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Spigelia marilandica Propagation

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Spigelia marilandica Propagation

Spigelia marilandica propagation: A Review

Winston C. Dunwell, UKREC Nursery Crops Development Center

Department of Horticulture, University of Kentucky, Research and Education Center, P.O. Box 469, Princeton, KY 42445 U.S.A

This publication was originally prepared as the review paper Spigelia marilandica propagation: A Review for the 2003 Eastern Region International Plant Propagator's Society meeting. It was published in the IPPS Combined Proceedings 53:510-512. This publication was revised January 24, 2006

Introduction

Spigelia mariclandica, Indian Pink, is native to west Kentucky. Infrequent in southern Kentucky (Wharton and Barbour, 1971) it is found as a roadside plant on a variety of soil types. Over it’s range, Florida into east Texas, southeast Oklahoma, southwest Indiana, northwest Georgia, and east South Carolina it is common (Duncan and Duncan, 1999). The red tubular flowers with five folded lobes showing the yellow interior color are stunning; “stop people dead in their tracks” (Armitage 1997). An average of 13 (8-17 on 68 stems on a five year old division) of the 2 inch (5 cm) upright flowers are found on a one-sided cyme. The glossy ovate, opposite, sessile leaves add to the attractive appearance of the plant. West Kentucky plants grow 18-24 inches (46-61 cm) tall in sun or shade landscape environments. The bloom period starts in late May and continues through June, occasionally scattered blooms will occur in the fall. Rick Darke (2002) says they will re-bloom heavily if cut back after June flowering. Individual plants in the University of Kentucky Research and Education Center Botanic Garden, Princeton, KY are now seven years old and show signs of indefinite longevity. Spigelia marilandica is known to attract hummingbirds (Cullina, 2000; Glick, 2002) adding this characteristic to the beauty of the flowers, the size of the plant, it’s environmental and pest tolerances and longevity in the landscape indicate Spigelia mariclandica is an plant that should be more widely used in landscapes, in particular, Kentucky landscapes. A quick search of catalogs and nursery calls indicate the plant is available in limited numbers, but Schmid (2002) states “this dazzling native is still uncommon in gardens and deserves to be more widely grown”. Propagation difficulties have limited availability in the past.

Seed Propagation

Spigelia mariclandica seed is found in a two-sided capsule. The seeds are grouped into small balls of 4-7 seeds that separate readily. The capsules ripen from July 1 through July 15 in the UKREC Botanic Garden. . Unfortunately, within one or two days the seed will “explosively dehisce” (Darke, 2002) and be lost to the seed collector. The capsule will be black on the top and black-green on the bottom just before this happens; seed capsules collected at this time will split open ejecting the seed into the bag shortly after removal from the plant. Seed collection requires daily observation. It is recommended that seed be sown immediately after collection to ensure high percentage germination (Cullina, 2000; Glick 2002). Two year old seedlings will bloom. Barry Glick (2002) states deer don’t browse Spigelia marilandica but our experience trying to collect seed in the wild would indicate that deer or some other creature does eat the flowers and stem down to the foliage in a similar fashion to deer feeding observed on Trillium recurvatum in west Kentucky.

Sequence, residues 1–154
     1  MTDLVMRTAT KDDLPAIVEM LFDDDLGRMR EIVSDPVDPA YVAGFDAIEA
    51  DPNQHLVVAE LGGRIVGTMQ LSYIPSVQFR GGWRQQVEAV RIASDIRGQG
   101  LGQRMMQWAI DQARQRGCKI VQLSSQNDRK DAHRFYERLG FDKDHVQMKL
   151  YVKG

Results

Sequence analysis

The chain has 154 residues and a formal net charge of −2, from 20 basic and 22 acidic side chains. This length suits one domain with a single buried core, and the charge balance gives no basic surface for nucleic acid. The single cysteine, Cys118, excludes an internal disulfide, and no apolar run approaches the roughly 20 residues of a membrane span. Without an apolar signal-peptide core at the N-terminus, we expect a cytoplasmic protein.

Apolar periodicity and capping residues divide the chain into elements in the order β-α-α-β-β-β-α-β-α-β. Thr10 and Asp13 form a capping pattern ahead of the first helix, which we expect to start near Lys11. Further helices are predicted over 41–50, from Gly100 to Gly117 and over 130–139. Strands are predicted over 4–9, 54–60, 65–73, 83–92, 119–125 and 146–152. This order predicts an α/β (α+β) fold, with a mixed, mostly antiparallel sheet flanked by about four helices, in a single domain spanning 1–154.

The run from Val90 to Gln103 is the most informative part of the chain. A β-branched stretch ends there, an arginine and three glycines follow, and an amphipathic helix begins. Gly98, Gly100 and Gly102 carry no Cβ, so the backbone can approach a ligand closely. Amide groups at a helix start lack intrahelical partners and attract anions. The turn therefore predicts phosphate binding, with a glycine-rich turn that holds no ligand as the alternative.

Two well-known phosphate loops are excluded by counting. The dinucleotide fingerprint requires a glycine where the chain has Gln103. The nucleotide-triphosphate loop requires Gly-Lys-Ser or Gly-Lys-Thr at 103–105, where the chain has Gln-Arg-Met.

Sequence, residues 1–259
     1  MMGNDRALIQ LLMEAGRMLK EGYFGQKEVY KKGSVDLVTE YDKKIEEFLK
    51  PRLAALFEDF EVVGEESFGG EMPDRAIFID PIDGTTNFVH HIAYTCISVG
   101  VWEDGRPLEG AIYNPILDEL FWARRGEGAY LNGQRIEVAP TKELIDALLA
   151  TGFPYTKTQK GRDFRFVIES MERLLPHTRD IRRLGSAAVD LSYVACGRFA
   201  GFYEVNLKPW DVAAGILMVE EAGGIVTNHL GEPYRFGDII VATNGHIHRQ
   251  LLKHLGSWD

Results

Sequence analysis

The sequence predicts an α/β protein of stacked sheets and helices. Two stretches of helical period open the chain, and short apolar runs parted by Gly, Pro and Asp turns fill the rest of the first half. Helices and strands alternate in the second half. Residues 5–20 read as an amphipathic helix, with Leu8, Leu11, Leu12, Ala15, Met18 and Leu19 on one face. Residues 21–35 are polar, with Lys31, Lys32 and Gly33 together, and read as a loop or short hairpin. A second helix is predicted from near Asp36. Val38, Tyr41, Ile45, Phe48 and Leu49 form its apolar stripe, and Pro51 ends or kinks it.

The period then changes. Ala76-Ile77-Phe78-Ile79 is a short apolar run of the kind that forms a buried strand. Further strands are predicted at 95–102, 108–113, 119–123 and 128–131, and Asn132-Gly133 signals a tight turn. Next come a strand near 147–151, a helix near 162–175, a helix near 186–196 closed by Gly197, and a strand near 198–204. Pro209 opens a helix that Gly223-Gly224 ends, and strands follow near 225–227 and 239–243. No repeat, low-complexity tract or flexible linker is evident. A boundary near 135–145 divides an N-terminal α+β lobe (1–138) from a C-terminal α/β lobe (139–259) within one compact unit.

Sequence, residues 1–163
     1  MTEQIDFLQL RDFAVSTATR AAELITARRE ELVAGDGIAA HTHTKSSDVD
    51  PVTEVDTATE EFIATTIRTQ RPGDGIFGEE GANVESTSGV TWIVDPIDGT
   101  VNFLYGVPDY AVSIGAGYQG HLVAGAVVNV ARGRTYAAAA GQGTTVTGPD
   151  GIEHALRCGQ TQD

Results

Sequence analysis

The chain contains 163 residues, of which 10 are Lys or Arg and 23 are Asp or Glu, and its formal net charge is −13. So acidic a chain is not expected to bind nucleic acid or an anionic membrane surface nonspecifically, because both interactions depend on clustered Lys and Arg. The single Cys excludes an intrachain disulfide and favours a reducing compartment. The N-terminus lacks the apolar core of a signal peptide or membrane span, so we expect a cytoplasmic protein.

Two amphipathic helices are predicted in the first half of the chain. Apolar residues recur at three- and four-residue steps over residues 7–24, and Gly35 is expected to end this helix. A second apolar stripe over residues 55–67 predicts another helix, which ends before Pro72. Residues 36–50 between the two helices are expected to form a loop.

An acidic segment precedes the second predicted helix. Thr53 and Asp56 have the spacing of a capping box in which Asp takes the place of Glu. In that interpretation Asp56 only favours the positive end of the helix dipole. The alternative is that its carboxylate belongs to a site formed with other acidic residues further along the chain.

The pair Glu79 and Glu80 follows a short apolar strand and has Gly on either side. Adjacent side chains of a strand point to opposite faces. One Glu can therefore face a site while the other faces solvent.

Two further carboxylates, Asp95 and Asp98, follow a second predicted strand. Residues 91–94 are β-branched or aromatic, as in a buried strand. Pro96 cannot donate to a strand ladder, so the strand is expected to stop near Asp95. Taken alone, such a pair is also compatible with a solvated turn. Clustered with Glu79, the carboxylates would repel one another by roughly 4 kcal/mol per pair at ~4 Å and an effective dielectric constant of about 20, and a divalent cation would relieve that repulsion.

Division Propagation

Building up a group of stock plants that can provide enough seed to produce thousands of plants is possible but such a collection of plants may be better used to propagate Spigelia marilandica by division. We have had very good success propagating by division. Field-grown plants in an irrigated nursery environment produce a dense fibrous root system. The root system density requires cutting the plants apart with a sharp knife or pruners to separate the divisions. Some, but not all, divisions will bloom the first year. Glick (2002) recommends dividing in the spring: the plants are late growing and there is adequate time to spring divide. Plants propagated by division, including Spigelia marilandica, at the UKREC that are to be placed in the landscape or field nursery are divided prior to fall equinox (approximately September 20) to allow time for root development to limit frost heaving damage. Late fall-divided plants (after fall equinox) are containerized and placed; in a white plastic covered quonset structure or under microfoam for overwintering. We also divide Spigelia marilandica in the spring.